“It was their turn this time and they got the better of us. We tried as hard as we could but we just got a little tired towards the end. It was a long race and you can’t push full on the whole time, so you have to pick when you really go for it and when you sit back a bit. You could tell a lot of boats did that and we found the right times.”
GREAT Britain celebrates San Francisco line honours
Imagine being in the middle of the Pacific Ocean, sailing one of the Volvo Ocean Race’s toughest legs. The boat is a 65-foot carbon machine and it’s slamming down the waves. Now imagine you don’t speak the same language as your crewmates, but you’re still weeks away from your destination. Welcome onboard Dongfeng Race Team.
Liu Xue is on that boat. The 21-year old comes from Qingdao and has sailed for the past seven years. He has been selected with five other Chinese guys to sail the training leg from China to New Zealand with Dongfeng.
They left Sanya on Saturday.
Liu Xue, Jin Hao Chen, Liu Ming, Ying Kit Cheng, Jiru Yang and Yiran Zhang are now heading to Auckland with skipper Charles Caudrelier and a mixed bag of international candidates, sailing 5,264 nautical miles (9,749 km) for 20 days or so. It will be their longest offshore experience and their first time crossing the Equator.
There is one problem though. “I felt a bit embarrassed to speak English the first times I sailed with the team,” says Liu Xue. “I’ve only sailed inshore before and the vocabulary required for this race is much bigger.
Communicating with his Western crewmates has proved challenging for him. The truth is, the majority of the Chinese did not understand English very well when they first trialled, and worked through interpreters.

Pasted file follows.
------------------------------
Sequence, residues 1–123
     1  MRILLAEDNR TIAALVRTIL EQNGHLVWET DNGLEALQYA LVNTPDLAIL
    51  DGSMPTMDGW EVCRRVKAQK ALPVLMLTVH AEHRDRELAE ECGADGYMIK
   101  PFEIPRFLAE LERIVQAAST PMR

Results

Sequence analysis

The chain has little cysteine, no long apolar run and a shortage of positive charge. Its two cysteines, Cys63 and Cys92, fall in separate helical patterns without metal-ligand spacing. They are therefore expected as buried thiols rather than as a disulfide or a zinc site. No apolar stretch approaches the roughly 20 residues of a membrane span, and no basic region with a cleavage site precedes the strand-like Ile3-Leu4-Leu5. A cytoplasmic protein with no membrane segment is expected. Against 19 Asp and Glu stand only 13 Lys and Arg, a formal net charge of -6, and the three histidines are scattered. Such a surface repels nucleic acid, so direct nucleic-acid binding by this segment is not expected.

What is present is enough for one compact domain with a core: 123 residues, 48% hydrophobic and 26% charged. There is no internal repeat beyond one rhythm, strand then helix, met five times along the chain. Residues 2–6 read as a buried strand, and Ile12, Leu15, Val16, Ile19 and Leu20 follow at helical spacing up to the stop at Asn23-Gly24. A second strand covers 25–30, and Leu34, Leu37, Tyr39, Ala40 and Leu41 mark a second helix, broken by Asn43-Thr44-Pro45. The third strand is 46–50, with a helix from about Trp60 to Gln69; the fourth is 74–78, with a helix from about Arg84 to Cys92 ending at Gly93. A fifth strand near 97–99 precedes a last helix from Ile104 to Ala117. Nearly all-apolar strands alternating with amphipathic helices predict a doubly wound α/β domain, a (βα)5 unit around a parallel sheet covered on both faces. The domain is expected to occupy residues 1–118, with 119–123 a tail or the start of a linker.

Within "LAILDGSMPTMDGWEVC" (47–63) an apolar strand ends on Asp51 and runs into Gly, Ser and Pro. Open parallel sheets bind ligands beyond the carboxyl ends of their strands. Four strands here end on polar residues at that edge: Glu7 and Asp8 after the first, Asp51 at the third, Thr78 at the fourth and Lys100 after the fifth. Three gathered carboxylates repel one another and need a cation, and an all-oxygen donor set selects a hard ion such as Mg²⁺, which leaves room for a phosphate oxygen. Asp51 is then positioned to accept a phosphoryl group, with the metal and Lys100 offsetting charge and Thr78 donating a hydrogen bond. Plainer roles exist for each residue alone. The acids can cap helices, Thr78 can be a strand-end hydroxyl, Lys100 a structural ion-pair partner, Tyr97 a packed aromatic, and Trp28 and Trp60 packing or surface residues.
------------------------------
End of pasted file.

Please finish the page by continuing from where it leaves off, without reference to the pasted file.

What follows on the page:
“I do feel the pressure, but I will overcome this barrier,” adds Liu Xue, who already has an English nickname, ‘Hey’. In Sanya’s Serenity Marina, instead of going to bed like the others, the Chinese went straight to English lessons after dinner.
“We want half of the crew to be Chinese,” says Caudrelier, a Frenchman who won the race last time around with Groupama. “Few of them know about ocean racing and it’s quite a challenge with the race starting in six months. But they are very keen and very dedicated, and they are working hard.”
So even if you don’t master the language, you can still make up for it with sheer enthusiasm?
“I’m already seeing their personalities and skills developing,” answers Caudrelier. “Some of them get it quicker; some are keener than others.”
Nick Cherry coached the aspirants in Sanya. “There are more similarities than differences between all those who dream of sailing the Volvo. Some of the Chinese guys certainly had a less diverse sailing background than you might expect from a similar group in the UK but the hunger and the drive are the same.”
“Some guys will naturally cope very well and others won’t,” warns Caudrelier. “I already have a good idea of who will do well from our training in Sanya, but you can never be too sure, which is why training legs like these are essential.”
No doubt his Chinese apprentices will learn lots about ocean racing, about safety, the boat and the weather. By the time they arrive in Auckland around mid-April, they should all know if they have good sea legs – or not.
But there is more to sailing than vocabulary and skills.
“Non-Chinese sailors are always happy while sailing,” says Liu Xue. “It’s not just a job for them. That’s the spirit of sailing we need to learn.”